There's a category of online real estate information that I refer to as "advice for morons" that offers such stunning insights as, perhaps you ought to tidy up the house before you put it on the market.
Another perennial tip: Bake some chocolate chip cookies while the place is being shown to potential buyers, because the aroma will make them feel as if they have come home. They'll be hopelessly hooked, and they'll write you a check on the spot.
Eric Spangenberg laughs at the chocolate chip cookie advice and brands it an urban legend. Still, baking something when you're trying to sell a house isn't a bad idea — it just has to be the right "something," he said.
Spangenberg, dean of the Washington State University College of Business in Pullman, Wash., recently published research that he maintains demonstrates that the right scent wafting through the room will influence consumers to spend more money. But the KISS Principle (Keep It Simple, Stupid) is at work here, he said — stick with simple scents, as opposed to "complex" ones.
The researchers, whose work recently was published in the Journal of Retailing, tested a store's sales levels when hundreds of shoppers were exposed to "background" scents of a straightforward orange aroma versus an orange-basil blended with green tea versus no scent at all.
Sales went up noticeably, by 20 percent, when the plain orange scent hung lightly in the air, the researchers concluded.
Spangenberg cautioned against strictly applying his findings about retail sales to the selling of houses (he and colleagues studied consumers in a home decor store in Switzerland), but Spangenberg, who for years has studied the uses of scent in marketing, said the basics should apply.
He said such straightforward scents as orange — or perhaps lemon or cinnamon or pine — are easier for shoppers to "process" and they add to the shopping experience. Blended, or "complex" scents, such as the orange/basil/green tea mix, make our brains work a little harder.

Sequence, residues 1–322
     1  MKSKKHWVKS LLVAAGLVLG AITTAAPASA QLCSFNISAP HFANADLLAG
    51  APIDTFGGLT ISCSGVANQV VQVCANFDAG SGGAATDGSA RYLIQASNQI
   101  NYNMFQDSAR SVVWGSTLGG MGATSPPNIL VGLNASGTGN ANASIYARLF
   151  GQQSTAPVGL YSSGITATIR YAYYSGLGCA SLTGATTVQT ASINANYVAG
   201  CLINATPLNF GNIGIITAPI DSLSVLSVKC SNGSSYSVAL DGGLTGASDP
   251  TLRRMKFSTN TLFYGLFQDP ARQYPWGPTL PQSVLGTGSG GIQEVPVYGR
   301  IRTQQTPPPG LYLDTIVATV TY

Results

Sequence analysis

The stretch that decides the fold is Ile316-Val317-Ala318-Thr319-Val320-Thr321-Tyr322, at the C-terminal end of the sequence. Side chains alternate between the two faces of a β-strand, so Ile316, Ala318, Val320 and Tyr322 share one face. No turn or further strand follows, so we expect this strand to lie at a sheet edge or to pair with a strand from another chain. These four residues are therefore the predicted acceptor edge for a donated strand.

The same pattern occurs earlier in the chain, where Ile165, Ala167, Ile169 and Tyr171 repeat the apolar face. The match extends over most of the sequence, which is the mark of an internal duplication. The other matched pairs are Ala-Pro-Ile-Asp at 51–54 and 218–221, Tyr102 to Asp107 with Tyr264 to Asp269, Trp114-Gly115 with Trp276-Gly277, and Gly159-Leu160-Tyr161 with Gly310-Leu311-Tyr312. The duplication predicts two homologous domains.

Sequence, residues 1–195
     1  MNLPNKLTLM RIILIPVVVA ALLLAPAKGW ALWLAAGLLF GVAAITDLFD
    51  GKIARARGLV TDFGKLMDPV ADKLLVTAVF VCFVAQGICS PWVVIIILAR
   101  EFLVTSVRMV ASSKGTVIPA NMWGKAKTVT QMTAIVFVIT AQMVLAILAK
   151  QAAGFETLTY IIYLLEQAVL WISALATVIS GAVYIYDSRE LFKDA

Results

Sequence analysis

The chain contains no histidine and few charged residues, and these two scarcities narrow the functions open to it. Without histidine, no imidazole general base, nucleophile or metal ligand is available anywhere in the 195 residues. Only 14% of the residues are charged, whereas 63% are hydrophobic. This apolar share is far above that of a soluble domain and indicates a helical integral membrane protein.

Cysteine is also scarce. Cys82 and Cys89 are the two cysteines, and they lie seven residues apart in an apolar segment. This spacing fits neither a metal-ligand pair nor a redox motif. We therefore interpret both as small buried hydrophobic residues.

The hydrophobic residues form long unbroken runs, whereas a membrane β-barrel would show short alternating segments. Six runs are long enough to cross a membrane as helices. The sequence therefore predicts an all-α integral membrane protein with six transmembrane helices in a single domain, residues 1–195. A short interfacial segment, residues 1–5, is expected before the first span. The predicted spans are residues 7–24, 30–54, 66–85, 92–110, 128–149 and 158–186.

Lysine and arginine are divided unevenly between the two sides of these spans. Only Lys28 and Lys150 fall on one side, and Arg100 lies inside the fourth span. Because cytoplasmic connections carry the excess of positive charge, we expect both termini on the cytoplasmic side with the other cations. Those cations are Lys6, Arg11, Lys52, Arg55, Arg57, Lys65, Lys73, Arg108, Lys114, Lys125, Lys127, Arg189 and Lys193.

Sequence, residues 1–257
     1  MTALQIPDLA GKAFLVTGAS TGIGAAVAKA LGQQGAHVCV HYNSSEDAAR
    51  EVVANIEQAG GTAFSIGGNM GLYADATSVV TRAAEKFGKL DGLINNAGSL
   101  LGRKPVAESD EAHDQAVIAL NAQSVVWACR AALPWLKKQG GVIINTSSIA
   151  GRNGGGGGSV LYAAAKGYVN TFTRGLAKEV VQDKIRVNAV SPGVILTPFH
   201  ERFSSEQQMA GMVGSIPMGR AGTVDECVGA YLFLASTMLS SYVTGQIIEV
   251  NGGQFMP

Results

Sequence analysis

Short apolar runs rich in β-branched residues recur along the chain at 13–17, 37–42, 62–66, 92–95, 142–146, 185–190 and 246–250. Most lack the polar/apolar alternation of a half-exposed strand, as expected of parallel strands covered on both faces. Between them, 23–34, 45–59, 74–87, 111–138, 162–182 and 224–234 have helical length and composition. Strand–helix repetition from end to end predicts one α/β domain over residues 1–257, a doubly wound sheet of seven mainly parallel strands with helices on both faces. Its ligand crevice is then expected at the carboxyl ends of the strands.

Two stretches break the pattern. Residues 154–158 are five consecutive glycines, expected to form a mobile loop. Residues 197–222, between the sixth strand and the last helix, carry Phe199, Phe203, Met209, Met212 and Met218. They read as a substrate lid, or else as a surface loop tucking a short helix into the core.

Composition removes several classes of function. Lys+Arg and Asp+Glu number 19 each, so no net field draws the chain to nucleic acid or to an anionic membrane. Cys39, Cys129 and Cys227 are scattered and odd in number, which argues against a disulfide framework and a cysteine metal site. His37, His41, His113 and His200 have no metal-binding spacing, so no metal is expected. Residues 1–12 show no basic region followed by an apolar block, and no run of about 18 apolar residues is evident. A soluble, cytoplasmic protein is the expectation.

Put another way, they're a distraction, Spangenberg said.
"I've noticed in some homes for sale that they will scent with a potpourri blend that may be very pleasant, but it's just too complex," he said. "There are too many scents in potpourri.
"When you're in the real estate business, you want someone to walk in and want to stay in the house, so you want (the scent) not to be overbearing, but familiar. You want it to encourage revisiting, because sometimes it takes several visits to decide to buy."
If a home seller wants to introduce a scent, Spangenberg cautions against the devices that plug into outlets and waft the aroma around the house.
"They're meant to last 30 days, and the first days, they might be way too strong," he said. "You can't control them."
A better option would be the various types of diffusers that warm and then mechanically waft the scent of oils within a room, Spangenberg said. (Other diffusion methods are as simple as dabbing a few drops of essential oils onto a tissue.)
But sellers ought to test-drive the effects before setting out any type of diffuser and leaving the house for a would-be buyer — a little bit goes a long way, and "little" is what one is aiming for, he said.
The baking tactic isn't necessarily bad, but Spangenberg isn't big on the aroma of chocolate chip cookies — for selling anything.
"It's too complex," he said. "You've got chocolate, you've got vanilla."
Instead, consider warming the humble, and simple, cinnamon bun, he said.
"That's what I'd do if I were selling a house," he said. "I wouldn't spend a lot of money (compared with purchasing a mechanical diffuser). After all, we're just guessing here" when it comes to possible aromatic influence on real estate sales.
Spangenberg said that after his research was released in late November, he was inundated with media inquiries about how scent might influence Christmas retail sales.
He also was asked whether such efforts might amount to manipulating or tricking consumers.
But adding scent isn't nefarious, he said.
"Retailers are always looking for an edge," he said. "And if retailers consider it, home sellers should consider it too.
"If you're in a competitive market, you should think about such things as lighting, colors, music and smell. People process (information) with all of their senses, whether they realize it or not. If you're looking for an advantage, why not use any advantage you can get?"
Spangenberg, whose house is not for sale, said that before he could offer more specific advice to homeowners, he'd have to solve his home's own set of aroma concerns.
"Our issue would be to make sure the house doesn't smell like dog," he said.